Tuesday, April 17th, 2018
1. Agung Nurwijoyo (Lecturer for Department of International Relations, Universitas Indonesia)
2. Muhammad Zulifan (Lecturer for Department of Arab Studies, Universitas Indonesia and researcher for Centre of Middle Eastern and Islamic Studies, Universitas Indonesia)
Moderator: Faqih Hindami
TOPIC 1: The impact of the conflict between Israel and Palestine to the surrounding countries
- The Arab world is united in their opinion regarding Israel-Palestine matters, example can be seen during the time when Trump first proposed his plan of moving the capital city of Israel to Jerusalem. The Arab world’s response, which proved to be against the plan, was uniform. This unity of supporting a free Palestine cannot be negotiated even despite the Kingdom of Saudi Arabia’s close ties with the USA.
- Indonesia itself has taken a clear stance of being in support of coexistence (two countries, Israel and Palestine, inhabiting one area). Indonesia has not initiated a diplomatic relation with Israel due to Israel occupying Palestine’s land and Indonesia’s constitution being against occupation.
- KSA has positioned itself as the leader of the Sunni world, but it cannot distance itself from its history with the west, particularly the Unites States, which dates back to their cooperation during World War II.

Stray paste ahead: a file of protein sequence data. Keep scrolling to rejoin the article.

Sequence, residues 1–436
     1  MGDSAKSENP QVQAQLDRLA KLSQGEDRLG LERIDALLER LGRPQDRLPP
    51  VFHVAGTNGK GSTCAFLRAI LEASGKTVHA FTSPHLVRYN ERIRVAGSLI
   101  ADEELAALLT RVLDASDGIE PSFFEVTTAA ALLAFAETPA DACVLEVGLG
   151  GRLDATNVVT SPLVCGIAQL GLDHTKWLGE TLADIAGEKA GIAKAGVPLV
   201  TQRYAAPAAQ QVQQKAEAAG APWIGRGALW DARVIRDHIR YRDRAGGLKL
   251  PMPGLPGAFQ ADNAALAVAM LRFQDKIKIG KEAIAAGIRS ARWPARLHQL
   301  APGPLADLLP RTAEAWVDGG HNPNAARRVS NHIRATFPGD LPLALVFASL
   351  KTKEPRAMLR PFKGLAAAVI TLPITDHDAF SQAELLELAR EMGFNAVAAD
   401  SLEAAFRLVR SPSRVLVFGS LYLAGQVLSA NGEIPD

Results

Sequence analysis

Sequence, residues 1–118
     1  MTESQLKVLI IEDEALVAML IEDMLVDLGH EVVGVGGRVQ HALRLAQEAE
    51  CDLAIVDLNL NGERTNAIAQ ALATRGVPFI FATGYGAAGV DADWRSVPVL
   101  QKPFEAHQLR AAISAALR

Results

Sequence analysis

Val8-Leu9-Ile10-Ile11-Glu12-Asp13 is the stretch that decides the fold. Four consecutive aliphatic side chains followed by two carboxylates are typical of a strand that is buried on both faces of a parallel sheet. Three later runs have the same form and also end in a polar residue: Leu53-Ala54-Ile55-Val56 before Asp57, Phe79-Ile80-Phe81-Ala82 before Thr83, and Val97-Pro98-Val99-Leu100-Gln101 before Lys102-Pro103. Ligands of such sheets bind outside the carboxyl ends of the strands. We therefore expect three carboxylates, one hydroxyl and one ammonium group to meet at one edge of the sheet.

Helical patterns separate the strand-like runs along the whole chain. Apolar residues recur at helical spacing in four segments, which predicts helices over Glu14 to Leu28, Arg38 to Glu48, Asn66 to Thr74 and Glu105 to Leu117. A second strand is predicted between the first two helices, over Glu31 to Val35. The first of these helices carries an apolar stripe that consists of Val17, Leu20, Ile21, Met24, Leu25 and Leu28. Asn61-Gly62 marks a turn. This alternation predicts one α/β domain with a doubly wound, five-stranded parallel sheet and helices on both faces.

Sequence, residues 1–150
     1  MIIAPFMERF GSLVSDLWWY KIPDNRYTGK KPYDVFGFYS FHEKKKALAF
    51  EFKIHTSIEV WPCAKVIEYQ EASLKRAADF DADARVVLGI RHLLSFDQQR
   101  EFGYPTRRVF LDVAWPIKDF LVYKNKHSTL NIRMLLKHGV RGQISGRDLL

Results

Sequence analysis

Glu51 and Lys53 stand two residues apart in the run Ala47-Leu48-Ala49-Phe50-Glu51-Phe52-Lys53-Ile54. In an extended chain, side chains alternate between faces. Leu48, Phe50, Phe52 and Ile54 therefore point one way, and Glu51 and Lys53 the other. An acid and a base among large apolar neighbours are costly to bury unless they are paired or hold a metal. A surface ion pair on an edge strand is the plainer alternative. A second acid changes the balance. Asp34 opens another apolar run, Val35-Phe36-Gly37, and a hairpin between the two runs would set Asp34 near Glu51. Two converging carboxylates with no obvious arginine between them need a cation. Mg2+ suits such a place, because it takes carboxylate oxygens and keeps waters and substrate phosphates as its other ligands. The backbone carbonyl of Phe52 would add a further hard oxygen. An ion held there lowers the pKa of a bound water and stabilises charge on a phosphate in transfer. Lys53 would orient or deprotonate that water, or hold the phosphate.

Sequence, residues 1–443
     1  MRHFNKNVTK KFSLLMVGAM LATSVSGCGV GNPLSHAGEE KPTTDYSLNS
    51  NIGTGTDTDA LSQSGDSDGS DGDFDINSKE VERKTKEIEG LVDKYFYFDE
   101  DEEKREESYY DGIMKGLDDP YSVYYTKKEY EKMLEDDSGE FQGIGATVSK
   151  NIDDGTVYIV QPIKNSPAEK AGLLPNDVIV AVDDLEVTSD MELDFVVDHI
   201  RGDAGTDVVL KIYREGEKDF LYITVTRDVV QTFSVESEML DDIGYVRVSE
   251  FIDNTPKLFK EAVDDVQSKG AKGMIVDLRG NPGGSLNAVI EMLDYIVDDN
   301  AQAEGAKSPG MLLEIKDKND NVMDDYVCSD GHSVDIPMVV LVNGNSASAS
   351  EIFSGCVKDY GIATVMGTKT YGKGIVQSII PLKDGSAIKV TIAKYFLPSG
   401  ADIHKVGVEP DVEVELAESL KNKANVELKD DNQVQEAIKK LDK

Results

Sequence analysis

- Palestine has a special place in the Arab world. This can be seen from the fervent reaction of the Arab world whenever an incident happens in Palestine—for example the formation of OIC (Organiztaion of Islamic Cooperation) after the Al-Aqsa fire that was initiated by Dennis Rohan.
- More pessimistic views regarding the actions of Muhammad ibn Salman, who, since his appointment, has pushed for relations between KSA and USA. USA, because of its position as the negotiator in Israel-Palestine conflicts, should be neutral and countries who wish to be involved in the process of Israel-Palestine conflicts must not create ties with the negotiator.
- USA’s non-neutral stance might cause the appointment of a new negotiator, but Indonesia cannot act as a negotiator between Israel and Palestine because Indonesia has a very clear stance about occupation that supports the existence of a free Palestine.
TOPIC 2: Relations between USA and Israel
- Trump’s Jerusalem statement was a form of entry to the Middle East. It is a part of the war of influence that goes on in the Middle East.
- There was internal pressure in the USA that pushed Trump to declare such statement. The Jewish population of USA weren’t in favour of Trump before the election, while the Jewish lobby is known to be strong and influential in the US Senate. The majority of them were for Hillary Clinton. It is for this reason that Trump put Mike Pence and Jared Kushner, two people of Jewish descent, in vital positions in his government. Kushner was also sent to the Middle East.